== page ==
Intro To Puppet.Key

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Intro to Puppet - Making Administration Sexy

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  • admin 15 years, using puppet for almost 2 years.
    Originally called “What it is and how can it make system administration less painful”

    Conveys a better image and what immediately comes to mind is no other than:
  • This is not a sales pitch
    I will ask a marketing some marketing research at the end
  • Like to know my audience
  • Like to know my audience
  • Like to know my audience
  • Like to know my audience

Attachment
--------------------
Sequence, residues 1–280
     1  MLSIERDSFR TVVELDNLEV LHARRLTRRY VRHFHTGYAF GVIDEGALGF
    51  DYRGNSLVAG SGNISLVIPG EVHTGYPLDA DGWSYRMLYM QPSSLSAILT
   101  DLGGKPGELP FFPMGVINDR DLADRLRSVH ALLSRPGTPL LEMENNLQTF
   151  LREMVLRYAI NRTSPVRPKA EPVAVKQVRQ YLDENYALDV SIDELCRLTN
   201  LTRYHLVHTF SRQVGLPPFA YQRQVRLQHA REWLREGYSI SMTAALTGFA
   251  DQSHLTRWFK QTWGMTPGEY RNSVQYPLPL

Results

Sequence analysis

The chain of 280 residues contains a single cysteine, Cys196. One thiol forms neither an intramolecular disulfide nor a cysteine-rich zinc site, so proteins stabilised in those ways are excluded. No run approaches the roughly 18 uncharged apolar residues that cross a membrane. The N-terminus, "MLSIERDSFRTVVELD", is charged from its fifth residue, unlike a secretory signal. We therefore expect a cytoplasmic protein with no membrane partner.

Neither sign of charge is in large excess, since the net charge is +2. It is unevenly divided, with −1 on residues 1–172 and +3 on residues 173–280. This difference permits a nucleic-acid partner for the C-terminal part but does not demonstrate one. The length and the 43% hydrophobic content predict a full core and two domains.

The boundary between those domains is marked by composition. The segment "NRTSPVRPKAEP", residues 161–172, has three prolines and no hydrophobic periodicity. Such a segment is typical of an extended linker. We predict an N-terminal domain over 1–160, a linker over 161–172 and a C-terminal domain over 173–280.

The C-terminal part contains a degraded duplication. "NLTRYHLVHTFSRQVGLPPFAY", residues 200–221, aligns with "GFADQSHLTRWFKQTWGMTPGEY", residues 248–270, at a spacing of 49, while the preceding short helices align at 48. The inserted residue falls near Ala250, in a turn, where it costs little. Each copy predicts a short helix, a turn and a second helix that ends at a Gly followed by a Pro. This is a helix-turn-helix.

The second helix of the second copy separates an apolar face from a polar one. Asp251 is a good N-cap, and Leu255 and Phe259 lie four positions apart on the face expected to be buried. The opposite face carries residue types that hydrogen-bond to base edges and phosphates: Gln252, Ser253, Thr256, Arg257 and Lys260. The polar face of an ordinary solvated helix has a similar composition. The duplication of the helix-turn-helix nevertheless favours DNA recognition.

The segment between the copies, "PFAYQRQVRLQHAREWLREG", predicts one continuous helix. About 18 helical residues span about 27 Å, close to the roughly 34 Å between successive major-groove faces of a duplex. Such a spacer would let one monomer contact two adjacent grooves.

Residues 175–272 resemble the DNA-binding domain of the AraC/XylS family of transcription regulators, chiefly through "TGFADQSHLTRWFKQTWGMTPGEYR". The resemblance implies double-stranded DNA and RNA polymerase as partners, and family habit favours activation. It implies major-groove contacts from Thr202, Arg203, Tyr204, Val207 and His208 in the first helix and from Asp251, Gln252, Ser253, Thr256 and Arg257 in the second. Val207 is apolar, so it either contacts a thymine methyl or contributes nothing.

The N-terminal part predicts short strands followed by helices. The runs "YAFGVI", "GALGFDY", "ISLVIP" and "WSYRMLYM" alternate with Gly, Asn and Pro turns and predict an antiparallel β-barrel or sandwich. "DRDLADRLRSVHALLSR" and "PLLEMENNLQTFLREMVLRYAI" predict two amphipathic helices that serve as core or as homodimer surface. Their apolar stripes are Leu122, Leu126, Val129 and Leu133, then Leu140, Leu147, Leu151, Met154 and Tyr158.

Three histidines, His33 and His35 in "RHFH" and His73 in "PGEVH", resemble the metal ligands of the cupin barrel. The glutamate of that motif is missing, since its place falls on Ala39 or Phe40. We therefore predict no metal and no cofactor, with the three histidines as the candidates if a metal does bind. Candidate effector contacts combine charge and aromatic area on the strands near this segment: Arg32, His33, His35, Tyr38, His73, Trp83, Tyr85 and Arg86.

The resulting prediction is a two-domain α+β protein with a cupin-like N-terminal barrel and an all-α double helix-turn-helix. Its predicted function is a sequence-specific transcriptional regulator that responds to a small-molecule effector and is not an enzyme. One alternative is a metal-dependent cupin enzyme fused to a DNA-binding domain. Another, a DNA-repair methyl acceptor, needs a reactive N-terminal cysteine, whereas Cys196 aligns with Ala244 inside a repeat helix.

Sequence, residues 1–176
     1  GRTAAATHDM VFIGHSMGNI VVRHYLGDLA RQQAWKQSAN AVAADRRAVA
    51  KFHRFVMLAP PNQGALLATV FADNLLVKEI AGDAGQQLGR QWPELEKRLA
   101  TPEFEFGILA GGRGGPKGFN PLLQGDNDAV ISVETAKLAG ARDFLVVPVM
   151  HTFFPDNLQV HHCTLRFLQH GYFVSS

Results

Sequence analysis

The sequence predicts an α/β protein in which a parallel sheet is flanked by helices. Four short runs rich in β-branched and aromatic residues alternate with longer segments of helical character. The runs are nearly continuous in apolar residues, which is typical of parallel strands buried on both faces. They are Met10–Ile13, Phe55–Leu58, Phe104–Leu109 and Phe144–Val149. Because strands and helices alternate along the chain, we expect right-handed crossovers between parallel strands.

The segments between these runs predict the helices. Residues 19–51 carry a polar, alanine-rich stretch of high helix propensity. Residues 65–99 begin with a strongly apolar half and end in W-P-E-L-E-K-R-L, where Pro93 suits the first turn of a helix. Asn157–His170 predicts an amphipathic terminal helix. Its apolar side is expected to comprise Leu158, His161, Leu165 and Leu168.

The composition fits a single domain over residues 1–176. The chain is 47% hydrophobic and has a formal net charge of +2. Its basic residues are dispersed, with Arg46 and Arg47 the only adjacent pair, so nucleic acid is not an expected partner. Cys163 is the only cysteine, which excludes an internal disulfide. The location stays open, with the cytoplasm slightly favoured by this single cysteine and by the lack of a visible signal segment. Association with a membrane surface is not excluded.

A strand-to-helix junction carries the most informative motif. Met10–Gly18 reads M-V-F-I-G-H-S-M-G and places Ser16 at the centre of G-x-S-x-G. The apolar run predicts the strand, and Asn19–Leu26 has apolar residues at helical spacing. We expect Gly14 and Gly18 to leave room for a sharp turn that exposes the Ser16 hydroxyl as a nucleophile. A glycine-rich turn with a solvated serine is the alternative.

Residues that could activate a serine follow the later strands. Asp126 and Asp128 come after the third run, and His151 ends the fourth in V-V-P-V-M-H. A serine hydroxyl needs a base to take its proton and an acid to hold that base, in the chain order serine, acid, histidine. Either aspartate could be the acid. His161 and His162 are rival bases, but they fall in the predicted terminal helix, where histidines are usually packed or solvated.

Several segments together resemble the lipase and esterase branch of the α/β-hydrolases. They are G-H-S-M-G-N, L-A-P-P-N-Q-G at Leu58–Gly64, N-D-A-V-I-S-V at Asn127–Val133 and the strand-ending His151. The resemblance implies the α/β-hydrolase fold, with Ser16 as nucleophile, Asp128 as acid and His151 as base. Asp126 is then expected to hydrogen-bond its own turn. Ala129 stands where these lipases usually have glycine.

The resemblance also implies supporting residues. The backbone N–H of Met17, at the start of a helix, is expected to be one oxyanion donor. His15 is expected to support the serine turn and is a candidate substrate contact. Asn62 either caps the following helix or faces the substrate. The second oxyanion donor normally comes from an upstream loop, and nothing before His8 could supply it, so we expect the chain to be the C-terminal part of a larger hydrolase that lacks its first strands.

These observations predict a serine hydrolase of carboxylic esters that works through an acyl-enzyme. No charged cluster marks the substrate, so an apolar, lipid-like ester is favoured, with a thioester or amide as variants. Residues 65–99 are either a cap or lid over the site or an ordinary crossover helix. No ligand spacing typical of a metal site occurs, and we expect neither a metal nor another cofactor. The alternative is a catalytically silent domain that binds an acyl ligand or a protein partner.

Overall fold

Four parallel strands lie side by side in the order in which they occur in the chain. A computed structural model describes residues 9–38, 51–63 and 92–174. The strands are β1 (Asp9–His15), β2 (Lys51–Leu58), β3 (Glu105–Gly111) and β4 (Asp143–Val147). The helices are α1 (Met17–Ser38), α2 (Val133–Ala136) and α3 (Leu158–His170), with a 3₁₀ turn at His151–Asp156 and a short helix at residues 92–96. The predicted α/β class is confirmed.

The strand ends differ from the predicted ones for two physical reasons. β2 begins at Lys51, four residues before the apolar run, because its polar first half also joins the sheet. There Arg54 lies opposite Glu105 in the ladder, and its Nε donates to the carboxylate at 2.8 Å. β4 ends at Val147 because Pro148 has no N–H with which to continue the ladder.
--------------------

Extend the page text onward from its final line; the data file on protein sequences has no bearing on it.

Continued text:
• Stone Age
    Modernize Administration like programming has in the past 20 years.
    Mention my story
  • One server relative easy to manage
    - one OS
    - mostly custom developed applications, few commercial or OSS apps to maintain and upgrade
    - monolith mainframe
  • Even worse, cloud based instances that only last a few hours
  • Like a blacksmith
  • no complex images
    repeatable installations
  • Puppet make administration a process than a manual task
  • puppetd run as a daemon or cron
    one puppetmaster
    each server is called a node
  • * You can change the runinterval
    * You can trigger runs through puppetrun, SIGUSR1, or puppetd --test
  • * You can change the runinterval
    * You can trigger runs through puppetrun, SIGUSR1, or puppetd --test
  • * You can change the runinterval
    * You can trigger runs through puppetrun, SIGUSR1, or puppetd --test